IMAGE: India pacer Mohammed Shami celebrates the wicket of New Zealand's Colin De Grandhomme with skipper Virat Kohli during Day 5 of the World Test Championship final, at The Hampshire Bowl in Southampton, on Tuesday. Photograph: Alex Davidson/Getty Images

Mohammed Shami was at his devastating best, bagging four wickets for 76 runs, but New Zealand still gained a 32-run first innings lead after scoring 249 in their first innings on Day 5 of the rain-hit World Test Championship final, in Southampton, on Tuesday.

More than the quantum of the first innings lead, the Kiwis will go into the second innings with a psychological advantage, knowing very well that they have a pace attack that can go for the kill on the final day to force a result.

Jasprit Bumrah takes the catch to dismiss Kyle Jamieson

IMAGE: Jasprit Bumrah takes the catch to dismiss Kyle Jamieson. Photograph: Alex Davidson/Getty Images

New Zealand showed more intent on keeping the scoreboard ticking, with Kyle Jamieson (21) and Tim Southee (30) throwing their bats around for useful runs which certainly put the pressure back on India going into the final session of the day.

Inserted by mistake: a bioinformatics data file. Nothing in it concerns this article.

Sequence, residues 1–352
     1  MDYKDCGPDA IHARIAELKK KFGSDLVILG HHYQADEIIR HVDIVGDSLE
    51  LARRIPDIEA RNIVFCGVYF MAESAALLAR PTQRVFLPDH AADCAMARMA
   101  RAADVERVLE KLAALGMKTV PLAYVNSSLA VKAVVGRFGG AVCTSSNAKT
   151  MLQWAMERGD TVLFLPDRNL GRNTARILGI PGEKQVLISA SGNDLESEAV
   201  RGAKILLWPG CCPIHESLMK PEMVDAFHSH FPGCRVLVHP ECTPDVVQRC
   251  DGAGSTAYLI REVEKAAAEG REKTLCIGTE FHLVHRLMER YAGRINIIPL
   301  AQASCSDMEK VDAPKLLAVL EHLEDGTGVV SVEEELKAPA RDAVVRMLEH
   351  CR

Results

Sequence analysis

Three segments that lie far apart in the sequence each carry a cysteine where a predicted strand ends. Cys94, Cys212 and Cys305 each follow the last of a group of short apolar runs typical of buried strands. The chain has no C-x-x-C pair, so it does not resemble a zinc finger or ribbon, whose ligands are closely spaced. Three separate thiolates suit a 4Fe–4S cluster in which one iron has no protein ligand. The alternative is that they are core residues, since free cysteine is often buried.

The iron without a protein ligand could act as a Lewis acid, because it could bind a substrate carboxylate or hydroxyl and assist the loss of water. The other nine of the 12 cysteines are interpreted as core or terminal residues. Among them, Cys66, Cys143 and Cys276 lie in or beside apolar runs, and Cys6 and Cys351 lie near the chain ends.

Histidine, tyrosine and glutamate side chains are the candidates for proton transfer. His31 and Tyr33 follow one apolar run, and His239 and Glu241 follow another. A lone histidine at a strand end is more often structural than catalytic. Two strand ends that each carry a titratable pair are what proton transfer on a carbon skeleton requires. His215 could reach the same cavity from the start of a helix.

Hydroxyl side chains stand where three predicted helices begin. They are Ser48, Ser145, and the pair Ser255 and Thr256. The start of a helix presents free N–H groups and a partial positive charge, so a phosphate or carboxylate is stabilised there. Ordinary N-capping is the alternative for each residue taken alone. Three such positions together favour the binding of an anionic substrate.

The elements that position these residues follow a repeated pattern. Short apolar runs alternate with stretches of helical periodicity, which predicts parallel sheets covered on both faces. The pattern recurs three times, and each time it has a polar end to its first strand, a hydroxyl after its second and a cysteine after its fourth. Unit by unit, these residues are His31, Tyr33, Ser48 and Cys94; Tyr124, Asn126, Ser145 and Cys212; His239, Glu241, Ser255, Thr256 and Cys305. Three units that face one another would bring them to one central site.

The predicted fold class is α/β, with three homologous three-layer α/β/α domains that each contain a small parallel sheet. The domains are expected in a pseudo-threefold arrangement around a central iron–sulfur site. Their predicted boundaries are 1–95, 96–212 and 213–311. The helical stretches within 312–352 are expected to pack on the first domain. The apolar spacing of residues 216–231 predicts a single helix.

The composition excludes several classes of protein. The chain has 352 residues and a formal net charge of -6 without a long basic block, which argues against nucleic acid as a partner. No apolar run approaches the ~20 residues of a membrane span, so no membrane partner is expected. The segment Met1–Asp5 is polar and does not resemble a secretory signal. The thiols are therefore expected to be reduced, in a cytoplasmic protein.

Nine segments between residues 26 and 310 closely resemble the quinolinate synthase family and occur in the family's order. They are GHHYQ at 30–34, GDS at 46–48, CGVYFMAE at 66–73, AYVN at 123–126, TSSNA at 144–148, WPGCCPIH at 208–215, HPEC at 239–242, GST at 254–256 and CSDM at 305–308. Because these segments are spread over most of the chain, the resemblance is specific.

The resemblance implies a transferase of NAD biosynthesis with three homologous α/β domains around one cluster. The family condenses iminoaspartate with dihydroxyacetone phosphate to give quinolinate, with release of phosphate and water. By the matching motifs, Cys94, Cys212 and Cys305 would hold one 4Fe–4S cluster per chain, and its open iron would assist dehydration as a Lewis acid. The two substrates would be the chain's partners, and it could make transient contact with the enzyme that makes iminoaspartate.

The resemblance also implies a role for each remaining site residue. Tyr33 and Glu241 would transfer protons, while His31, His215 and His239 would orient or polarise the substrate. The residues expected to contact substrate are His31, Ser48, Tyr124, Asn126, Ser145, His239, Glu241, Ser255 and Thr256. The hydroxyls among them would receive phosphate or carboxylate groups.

The tea break was called after the fall of the last New Zealand wicket.

Shami, after a mesmerizing morning spell, took two more wickets in the post-lunch session, dismissing Colin de Grandhomme, with a delivery that angled in, and Jamieson, with a bouncer.

Virat Kohli celebrates with teammates after taking a catch to dismiss Kane Williamson

IMAGE: Virat Kohli celebrates with teammates after taking the catch to dismiss Kane Williamson. Photograph: John Sibley/Reuters

In the final 30 minutes, Ishant Sharma (3/48), India's senior-most player, denied Kiwi skipper Kane Williamson (49) a half-century with a classic Test match dismissal. His delivery reared up, veered away and edge from the batsman was taken by Virat Kohli at third slip.

Sensing that mere survival would spell doom, New Zealand scored 114 runs in the post-lunch session even as Shami and Ishant bowled their hearts out.

Jamieson and New Zealand's all-time third highest six-hitter Southee got some easy runs at the end which could prove useful in the final context.

It was fitting that Shami led the team off the field. Ishant bagged three wickets for 48 runs, while Ashwin took 2 for 28.

The last four New Zealand wickets put on 87 runs after they were reduced to 162 for 6 at one stage.